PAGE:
From education to employment

LSC defends Train to Gain after critical NAO report

The National Audit Office (NAO), the government spending watchdog, released a report earlier this week criticising the Train to Gain programme as "unrealistically ambitious".

The head of NAO, Amyas Morse, said: "In our view, over its full lifetime the programme has not provided good value for money. Unrealistically ambitious initial targets and ineffective implementation have reduced the efficiency of the programme while the rapid changes to the design of Train to Gain to generate employer demand have presented a considerable challenge for the Learning and Skills Council (LSC).

"Inconsistent management and communication have led to confusion among employers, training providers and skills brokers, and have also increased programme risks."

The report reflected many provider’s concerns over the government’s flagship scheme to help employers train their staff.

"This is a well-balanced report identifying what’s gone right as well as wrong," a spokesman for the Association of Learning Providers (ALP) told FE News.

"The positive observations from employers on the impact that Train to Gain has made for their businesses are very encouraging and lend credence to the argument, proposed in the recent ALP paper on future procurement arrangements, that we should measure success in terms of more than just qualification attainment."

However, LSC said its own findings told a completely different story, and insisted taxpayers were receiving great value for money.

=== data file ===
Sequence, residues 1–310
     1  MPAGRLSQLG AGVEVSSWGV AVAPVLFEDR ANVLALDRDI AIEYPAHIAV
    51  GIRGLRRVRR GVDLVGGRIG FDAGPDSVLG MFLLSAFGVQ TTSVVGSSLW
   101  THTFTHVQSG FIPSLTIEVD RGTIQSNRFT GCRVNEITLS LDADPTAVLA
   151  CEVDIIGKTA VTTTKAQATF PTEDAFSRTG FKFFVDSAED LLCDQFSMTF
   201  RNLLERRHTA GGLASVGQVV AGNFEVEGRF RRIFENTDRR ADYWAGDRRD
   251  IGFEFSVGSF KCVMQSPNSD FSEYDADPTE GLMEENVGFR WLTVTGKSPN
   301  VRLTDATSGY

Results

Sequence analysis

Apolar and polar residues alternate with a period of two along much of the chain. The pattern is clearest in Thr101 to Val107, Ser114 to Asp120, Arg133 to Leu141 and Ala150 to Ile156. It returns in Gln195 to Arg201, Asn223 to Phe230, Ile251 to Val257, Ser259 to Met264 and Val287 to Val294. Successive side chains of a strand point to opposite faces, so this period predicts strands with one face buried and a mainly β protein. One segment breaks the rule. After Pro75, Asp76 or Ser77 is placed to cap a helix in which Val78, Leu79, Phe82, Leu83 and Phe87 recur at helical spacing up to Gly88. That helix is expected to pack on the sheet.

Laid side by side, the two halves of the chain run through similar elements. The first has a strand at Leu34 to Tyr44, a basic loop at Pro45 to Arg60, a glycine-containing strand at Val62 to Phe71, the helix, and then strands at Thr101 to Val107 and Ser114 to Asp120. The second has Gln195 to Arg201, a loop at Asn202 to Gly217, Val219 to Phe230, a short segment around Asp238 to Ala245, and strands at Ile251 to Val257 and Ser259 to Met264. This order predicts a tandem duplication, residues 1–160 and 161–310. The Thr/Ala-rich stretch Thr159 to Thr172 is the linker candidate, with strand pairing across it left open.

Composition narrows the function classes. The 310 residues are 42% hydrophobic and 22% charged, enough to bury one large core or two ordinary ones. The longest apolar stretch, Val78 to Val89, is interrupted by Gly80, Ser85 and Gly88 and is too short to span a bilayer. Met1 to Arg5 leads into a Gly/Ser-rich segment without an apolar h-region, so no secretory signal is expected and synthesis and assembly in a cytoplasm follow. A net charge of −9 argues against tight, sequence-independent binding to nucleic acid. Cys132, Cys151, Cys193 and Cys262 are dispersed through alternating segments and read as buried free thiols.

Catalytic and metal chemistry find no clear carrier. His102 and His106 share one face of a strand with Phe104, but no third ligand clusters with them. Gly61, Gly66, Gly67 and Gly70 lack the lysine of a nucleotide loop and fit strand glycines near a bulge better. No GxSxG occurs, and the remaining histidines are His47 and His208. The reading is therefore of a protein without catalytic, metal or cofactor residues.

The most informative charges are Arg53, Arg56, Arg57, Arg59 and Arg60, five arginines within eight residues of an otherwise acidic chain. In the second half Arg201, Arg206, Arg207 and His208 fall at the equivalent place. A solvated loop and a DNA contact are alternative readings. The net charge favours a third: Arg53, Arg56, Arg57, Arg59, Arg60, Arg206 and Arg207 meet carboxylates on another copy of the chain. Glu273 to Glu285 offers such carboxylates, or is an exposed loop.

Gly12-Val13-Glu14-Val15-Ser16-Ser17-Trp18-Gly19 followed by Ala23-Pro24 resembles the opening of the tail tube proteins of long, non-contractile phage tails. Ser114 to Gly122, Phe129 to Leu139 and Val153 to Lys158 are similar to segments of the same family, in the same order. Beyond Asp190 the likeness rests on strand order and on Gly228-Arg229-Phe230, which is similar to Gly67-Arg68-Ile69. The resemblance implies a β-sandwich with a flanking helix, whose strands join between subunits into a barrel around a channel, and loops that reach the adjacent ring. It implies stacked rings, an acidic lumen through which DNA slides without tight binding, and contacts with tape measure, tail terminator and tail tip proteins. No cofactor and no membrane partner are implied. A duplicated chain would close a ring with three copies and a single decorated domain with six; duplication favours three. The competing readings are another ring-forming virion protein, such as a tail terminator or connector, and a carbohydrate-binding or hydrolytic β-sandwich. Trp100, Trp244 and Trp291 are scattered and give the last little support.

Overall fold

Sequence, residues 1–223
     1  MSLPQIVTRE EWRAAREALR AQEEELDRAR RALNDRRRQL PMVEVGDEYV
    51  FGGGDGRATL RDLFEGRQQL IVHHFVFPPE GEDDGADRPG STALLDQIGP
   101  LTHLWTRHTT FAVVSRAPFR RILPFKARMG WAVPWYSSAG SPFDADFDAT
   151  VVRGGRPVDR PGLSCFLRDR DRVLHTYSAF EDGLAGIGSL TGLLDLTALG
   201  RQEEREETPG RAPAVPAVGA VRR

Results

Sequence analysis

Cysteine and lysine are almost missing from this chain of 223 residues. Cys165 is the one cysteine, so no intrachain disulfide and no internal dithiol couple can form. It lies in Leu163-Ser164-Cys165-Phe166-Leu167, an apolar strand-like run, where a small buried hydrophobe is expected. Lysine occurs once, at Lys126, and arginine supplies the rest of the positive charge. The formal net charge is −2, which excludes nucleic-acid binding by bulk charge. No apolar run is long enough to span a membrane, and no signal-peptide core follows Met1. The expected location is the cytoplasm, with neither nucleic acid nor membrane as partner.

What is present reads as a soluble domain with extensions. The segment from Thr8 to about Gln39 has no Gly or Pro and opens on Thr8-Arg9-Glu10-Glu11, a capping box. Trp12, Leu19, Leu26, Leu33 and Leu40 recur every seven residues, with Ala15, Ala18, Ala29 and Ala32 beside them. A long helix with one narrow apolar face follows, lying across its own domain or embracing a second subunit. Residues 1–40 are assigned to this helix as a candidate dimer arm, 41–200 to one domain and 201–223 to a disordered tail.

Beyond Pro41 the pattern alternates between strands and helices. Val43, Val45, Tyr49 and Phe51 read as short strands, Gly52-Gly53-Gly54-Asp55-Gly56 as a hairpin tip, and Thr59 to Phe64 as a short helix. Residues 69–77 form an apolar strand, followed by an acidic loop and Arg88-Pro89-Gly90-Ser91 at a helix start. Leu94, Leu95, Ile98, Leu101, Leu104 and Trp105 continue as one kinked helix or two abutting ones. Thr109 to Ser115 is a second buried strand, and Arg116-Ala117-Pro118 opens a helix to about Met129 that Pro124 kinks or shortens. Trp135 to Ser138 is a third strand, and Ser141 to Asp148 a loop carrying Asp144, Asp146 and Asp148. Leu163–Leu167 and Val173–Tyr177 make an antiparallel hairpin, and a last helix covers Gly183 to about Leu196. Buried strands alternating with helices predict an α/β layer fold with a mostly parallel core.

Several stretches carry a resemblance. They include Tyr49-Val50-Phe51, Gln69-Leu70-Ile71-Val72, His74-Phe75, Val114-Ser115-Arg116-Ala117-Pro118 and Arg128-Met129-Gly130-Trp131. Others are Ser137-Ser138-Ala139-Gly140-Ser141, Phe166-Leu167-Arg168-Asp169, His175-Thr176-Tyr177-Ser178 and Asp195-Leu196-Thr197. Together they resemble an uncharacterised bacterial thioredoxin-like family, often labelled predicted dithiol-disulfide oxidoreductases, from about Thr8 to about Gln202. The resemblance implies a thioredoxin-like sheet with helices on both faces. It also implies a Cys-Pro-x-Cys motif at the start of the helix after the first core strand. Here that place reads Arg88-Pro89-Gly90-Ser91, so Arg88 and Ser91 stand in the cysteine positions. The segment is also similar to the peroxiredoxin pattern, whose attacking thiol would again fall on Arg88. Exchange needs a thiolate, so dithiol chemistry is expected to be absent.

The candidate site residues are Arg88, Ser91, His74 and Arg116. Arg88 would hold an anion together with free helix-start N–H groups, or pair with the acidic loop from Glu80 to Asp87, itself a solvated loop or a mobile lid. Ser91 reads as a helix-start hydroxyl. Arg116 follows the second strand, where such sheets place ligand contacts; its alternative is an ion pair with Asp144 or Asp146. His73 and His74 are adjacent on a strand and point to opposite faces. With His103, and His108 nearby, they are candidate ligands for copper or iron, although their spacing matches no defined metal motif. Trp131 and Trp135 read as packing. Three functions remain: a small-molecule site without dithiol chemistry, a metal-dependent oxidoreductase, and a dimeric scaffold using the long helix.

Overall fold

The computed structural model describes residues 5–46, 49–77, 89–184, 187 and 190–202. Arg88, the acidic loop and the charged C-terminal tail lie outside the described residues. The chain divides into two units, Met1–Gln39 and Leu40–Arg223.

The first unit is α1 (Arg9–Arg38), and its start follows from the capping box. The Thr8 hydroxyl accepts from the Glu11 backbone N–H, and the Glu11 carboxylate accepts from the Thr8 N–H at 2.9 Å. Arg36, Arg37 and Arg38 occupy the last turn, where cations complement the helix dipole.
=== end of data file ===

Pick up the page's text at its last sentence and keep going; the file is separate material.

A spokeswoman for the LSC, which funds the FE system in England, said: "We would strongly disagree that Train to Gain has not delivered good value for money- the majority of employers report that Train to Gain has improved productivity. Over one million learners have benefited from training through Train to Gain and there is a 71 per cent success rate. Train to Gain is successful in achieving additionality- 70 per cent of employers already training have been able to access training for staff who they had not trained before, and 69 per cent trained more staff than they could have otherwise. Employers also reported that Train to Gain had increased the amount or quality of training.

"Train to Gain does provide a high quality service – 95 per cent of learners and 91 per cent of employers expressed satisfaction with the training and the provider who delivered it. The Government is committed to giving employers the help they need to invest in training for their staff, so that they can survive the economic downturn and emerge stronger in the upturn. Train to Gain funding will rise to over £1 billion by 2010-2011, helping ensure providers have capacity and incentive to offer high-quality training and achieve successful outcomes. Since national rollout began in April 2006, Train to Gain has engaged around 140,000 employers and has delivered almost one million people starting training.

"Train to Gain has been instrumental in making workplace training more responsive to the needs of employers, and flexibilities on offer have helped to increase learner numbers rapidly so more employees benefit. We are pleased that so many employers are training their staff and benefiting from Train to Gain. Recent increase in demand is very encouraging, especially at this time in the economic downturn. We are focusing support on those who need it most – 75 per cent of employers engaged by skills brokers are ‘hard to reach’ compared to a target of 51 per cent. Train to Gain does give real business benefits; two-thirds of employers have reported improved long-term competitiveness, and 61 per cent an increase in productivity.

"The new Skills Funding Agency is being custom-designed to work with employers, colleges, and providers to make sure that the system really delivers for learners and employers within a demand-led system."



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